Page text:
Michael J. Cripps

School of Arts and Humanities

I have fully embraced ePortfolio as a component of my courses at UNE. Since the launch of ePortfolios in Fall 2016, I have embedded them as a component of both first-year and upper-level classes. As a writing instructor, I find that ePortfolio fits nicely into my courses. Portfolios have long been central to writing classes, and the digital age enables students to move their work online, to consider writing for an audience broader than the professor, and to treat the ePortfolio as a showcase of their best work. In my writing classes, ePortfolio gets students writing more and investing more of themselves in their work as they start to shift their sense of learning.

I consistently find that my students are doing amazing things in ePortfolio, and by the junior or senior year, many of them are also amazed by what they’ve been able to accomplish.

Image of Michael Cripps, PhD

I have been interested in ePortfolio for more than fifteen years and helped launch a college-wide ePortfolio initiative at an urban university in 2008. Having advocated for a greater embrace of the digital in courses for two decades, I am very excited to be part of UNE’s ePortfolio initiative.

Cathrine Frank

School of Arts and Humanities

I started using ePortfolios in my Research Methods course back in 2013, and while two students embraced the concept of presenting their academic work in a single, digital collection—even presenting their projects with me at the AAEEBL’s ePortfolio conference in Boston—, for most this option remained a marginally interesting but also technically challenging component of the course. Server troubles and an outdated version of WordPress hampered efforts to expand the blog, for me the centerpiece of the ePortfolio, by 2015.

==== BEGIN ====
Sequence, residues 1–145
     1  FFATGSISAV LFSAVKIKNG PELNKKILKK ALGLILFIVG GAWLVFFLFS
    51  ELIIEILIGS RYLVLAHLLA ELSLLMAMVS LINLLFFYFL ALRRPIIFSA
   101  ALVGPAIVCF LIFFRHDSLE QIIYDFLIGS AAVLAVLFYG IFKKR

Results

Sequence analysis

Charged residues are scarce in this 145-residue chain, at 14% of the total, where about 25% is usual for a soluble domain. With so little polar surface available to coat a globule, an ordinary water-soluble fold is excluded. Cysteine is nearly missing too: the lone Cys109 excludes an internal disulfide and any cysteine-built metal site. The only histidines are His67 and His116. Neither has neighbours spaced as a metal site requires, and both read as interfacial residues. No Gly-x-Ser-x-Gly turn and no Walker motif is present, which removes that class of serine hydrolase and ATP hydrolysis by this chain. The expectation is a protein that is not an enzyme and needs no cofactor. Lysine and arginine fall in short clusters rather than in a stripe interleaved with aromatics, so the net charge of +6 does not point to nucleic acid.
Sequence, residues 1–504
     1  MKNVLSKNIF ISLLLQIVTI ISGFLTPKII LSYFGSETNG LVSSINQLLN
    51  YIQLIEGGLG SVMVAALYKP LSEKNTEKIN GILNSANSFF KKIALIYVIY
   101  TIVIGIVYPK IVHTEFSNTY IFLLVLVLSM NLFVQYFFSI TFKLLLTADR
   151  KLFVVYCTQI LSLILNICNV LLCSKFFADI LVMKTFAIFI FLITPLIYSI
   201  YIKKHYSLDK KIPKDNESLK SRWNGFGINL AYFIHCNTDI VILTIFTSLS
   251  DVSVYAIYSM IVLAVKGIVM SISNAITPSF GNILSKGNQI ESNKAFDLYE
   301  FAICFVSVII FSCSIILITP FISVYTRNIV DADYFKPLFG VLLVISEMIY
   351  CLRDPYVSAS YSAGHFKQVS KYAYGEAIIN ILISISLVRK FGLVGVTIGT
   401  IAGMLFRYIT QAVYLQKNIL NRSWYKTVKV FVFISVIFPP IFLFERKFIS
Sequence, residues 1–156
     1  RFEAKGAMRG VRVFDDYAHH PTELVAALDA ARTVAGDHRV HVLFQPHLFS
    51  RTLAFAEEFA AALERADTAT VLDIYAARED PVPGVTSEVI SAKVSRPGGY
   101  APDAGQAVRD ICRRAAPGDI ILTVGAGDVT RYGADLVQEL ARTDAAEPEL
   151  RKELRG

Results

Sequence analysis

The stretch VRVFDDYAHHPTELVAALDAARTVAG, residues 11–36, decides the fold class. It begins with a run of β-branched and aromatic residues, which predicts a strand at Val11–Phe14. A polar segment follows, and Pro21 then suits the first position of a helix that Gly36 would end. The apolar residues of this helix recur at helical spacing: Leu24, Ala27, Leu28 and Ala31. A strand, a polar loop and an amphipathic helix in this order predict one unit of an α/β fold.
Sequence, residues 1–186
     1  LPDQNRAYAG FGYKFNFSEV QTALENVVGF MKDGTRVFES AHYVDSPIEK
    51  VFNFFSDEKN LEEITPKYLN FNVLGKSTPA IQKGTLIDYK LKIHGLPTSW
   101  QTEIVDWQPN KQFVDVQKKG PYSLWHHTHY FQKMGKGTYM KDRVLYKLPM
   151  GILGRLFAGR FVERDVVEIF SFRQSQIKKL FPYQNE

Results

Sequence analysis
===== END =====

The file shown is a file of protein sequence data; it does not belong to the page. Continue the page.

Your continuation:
Image of Cathrine Frank, PhD

Encouraged by the move to a different server and the wider launch of ePortfolio in Fall 2016, I embedded ePortfolio work into my Methods course. My Spring 2017 Methods section created and maintained an ePortfolio throughout the course. Thanks to faculty development work around ways to use the ePortfolio, I adapted my approach to Methods, in particular by requiring project framing statements and end-of-year-reflective statements. I have also begun to use ePortfolio in my English Composition courses. Although I recognize that we have work to do to more fully embed ePortfolio in the major, I also see a viable way forward, and some students do as well.